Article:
International Women’s Day


By: Dusty Langdon

“International Women’s Day is a time to reflect on progress made, to call for change and to celebrate acts of courage and determination by ordinary women who have played an extraordinary role in the history of their countries and communities.”

The official website for the United Nations states above the meaning and reasons behind International Women’s Day, which takes place every year on March 8.

Because there are too many extraordinary women in history who have made a mark on our societies, this article will focus on only a few. However, there are so many, many more women deserving of recognition that you can check out on March 8, and throughout the whole year.

International Women’s Day is all about the achievements of extraordinary women all over the world and history. It is for celebrating mothers, daughters, sisters, and friends who have helped shaped the world as you know it. Just a few of these incredible women are recognized in history books, and even fewer are known today for what they did for society.

  • Elizabeth Blackwell, for instance, who according to the Scholastic Teacher’s Activity Guide, was the first woman to earn a medical degree from a college. She was rejected by all the major medical schools in the nation because of her sex. She then founded a women’s medical college to train other women to become physicians.
  • Ella Fitzgerald, who is considered one of the greatest jazz singers of all time was the winner of 12 Grammy Awards and was awarded the Presidential Medal of Freedom.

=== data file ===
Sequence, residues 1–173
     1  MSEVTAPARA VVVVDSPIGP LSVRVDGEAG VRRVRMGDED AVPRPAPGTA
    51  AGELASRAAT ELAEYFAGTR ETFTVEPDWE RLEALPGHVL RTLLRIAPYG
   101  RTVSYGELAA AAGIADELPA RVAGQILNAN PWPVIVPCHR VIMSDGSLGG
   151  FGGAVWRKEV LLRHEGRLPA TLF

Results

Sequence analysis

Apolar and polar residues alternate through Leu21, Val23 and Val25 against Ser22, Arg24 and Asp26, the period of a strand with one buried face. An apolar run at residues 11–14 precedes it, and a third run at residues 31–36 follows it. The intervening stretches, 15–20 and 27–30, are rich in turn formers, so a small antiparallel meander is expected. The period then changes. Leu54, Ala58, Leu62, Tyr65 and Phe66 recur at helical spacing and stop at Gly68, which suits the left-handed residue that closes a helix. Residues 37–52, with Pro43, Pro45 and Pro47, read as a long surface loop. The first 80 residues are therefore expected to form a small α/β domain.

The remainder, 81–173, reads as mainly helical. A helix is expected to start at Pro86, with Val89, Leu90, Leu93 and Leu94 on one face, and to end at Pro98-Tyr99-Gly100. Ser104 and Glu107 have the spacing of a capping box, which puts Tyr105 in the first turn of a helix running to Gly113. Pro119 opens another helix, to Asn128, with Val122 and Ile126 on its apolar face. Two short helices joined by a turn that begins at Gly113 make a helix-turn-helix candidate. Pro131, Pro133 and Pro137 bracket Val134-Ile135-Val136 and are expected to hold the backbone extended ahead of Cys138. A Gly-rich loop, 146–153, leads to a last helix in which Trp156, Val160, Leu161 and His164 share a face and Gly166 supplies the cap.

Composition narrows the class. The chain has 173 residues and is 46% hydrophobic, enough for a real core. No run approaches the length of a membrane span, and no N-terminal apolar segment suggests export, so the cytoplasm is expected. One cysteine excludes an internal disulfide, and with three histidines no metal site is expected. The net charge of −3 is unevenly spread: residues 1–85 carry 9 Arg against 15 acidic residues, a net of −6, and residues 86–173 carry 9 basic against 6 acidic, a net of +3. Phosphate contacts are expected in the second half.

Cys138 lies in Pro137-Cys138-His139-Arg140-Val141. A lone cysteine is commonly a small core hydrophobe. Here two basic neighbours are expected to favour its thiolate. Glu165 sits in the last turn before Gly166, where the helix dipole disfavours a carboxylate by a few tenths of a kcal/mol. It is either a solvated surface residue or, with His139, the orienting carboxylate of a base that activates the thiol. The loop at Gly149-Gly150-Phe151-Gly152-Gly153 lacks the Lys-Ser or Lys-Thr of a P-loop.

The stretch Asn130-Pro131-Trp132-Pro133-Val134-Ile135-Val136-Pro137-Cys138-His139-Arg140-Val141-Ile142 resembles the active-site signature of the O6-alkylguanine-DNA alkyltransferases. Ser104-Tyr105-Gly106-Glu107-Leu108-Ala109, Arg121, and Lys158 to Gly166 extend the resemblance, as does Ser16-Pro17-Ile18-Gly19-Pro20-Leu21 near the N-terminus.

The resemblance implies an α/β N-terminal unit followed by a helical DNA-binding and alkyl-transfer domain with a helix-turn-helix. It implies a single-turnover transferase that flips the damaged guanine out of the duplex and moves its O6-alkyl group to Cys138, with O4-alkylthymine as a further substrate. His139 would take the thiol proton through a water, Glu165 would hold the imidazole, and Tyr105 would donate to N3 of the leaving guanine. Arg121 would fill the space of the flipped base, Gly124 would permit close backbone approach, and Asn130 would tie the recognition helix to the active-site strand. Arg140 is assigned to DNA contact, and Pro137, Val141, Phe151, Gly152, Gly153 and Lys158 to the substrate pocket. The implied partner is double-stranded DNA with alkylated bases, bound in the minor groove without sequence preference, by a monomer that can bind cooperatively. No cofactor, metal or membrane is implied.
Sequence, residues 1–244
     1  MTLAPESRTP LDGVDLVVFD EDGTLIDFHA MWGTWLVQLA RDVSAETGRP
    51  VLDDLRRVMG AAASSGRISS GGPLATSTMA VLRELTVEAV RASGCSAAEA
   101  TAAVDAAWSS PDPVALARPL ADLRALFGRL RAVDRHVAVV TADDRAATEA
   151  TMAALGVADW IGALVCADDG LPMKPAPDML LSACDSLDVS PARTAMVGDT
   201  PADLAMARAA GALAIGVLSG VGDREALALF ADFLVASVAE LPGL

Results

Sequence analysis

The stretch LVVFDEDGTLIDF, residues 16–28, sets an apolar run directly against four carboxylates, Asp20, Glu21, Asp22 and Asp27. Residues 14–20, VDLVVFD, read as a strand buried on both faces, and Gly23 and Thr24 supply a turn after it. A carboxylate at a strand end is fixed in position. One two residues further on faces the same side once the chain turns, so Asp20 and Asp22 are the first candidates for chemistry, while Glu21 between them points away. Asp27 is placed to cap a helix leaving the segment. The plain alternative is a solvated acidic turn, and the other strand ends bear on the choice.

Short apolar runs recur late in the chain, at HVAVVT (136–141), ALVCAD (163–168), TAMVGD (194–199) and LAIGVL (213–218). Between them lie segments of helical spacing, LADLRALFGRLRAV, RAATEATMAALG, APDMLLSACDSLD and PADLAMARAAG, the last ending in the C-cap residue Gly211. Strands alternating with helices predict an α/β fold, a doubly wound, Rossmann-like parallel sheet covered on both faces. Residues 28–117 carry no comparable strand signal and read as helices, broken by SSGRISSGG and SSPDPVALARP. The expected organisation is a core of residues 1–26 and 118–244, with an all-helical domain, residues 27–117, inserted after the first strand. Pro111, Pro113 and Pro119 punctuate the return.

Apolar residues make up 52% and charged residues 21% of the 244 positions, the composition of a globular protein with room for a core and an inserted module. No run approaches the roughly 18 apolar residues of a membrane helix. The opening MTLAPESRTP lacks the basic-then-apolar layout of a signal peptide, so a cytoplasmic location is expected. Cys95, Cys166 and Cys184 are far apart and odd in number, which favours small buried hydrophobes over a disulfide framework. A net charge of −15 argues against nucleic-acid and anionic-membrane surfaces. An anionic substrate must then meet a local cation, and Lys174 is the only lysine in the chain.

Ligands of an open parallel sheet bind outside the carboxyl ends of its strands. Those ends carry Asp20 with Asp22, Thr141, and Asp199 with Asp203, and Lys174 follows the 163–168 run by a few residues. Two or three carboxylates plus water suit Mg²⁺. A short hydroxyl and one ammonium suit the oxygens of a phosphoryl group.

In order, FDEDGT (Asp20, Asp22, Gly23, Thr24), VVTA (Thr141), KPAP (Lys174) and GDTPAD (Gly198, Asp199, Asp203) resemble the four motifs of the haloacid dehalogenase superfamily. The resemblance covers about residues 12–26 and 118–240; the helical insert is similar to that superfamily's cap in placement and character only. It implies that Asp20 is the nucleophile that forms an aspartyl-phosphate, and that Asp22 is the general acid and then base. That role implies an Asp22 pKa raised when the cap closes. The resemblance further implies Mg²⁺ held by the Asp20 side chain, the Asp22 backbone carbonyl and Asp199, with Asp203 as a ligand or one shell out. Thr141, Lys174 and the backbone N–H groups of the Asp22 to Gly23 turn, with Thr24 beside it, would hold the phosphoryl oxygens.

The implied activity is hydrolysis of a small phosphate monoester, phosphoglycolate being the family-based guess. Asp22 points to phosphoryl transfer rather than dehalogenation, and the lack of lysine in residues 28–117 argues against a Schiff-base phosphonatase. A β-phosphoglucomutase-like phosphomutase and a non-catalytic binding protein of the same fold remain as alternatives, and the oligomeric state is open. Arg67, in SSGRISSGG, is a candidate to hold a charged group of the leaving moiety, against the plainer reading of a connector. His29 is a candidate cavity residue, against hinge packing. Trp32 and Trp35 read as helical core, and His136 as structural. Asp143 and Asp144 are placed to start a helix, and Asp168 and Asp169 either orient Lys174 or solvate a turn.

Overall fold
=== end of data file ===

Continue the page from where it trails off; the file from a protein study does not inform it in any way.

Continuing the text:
• Shirley Jackson, who is the former head of the United States Nuclear Regulatory Commission. She is the first female African American to receive a doctorate from the Massachusetts Institute of Technology. Her outstanding leadership in education, science, and public policy demonstrates the capability of women to be leaders in the field of science and technology.
  • Jackie Joyner-Kersee conquered the Olympic sport of heptathlon. She won the Olympic gold medal for the United States in 1988 and 1992, and set the world record. She was also the first American woman to win Olympic gold in the long jump.
  • Ellen Ochoa is an astronaut and researcher of advanced optical information systems. She flew her first shuttle mission in 1993 as a Mission Specialist with the Discovery crew, conducting atmospheric and solar studied to better understand the effect of solar activity on the Earth’s climate and environment. She is the first Hispanic woman to be named an astronaut, and has logged over 500 hours in space.
  • Sandra Day O’Connor is the first woman appointed to the position of U.S. Supreme Court Justice and has carved a place for women at all levels of the legal profession.

Each of these women have set new standards for women and girls everywhere. They have become role models for young women to look up to and strive to be like. They have helped women realize their dreams and wishes can be achieved with hard work and perseverance, even when living in a male-dominated society.

These women, along with many more, are just a small number of incredible women who have advanced women’s places in society over the years. However, being an incredible woman does not necessarily mean you must be an astronaut or a Supreme Court Justice. Women who are mothers, housewives, daughters, fast-food workers, mechanics, authors, and any other profession are all women who deserve to be celebrated on March 8. Every woman in your life has helped to shape you and the world you live in and those reasons alone are reasons to rejoice them every day of the year.



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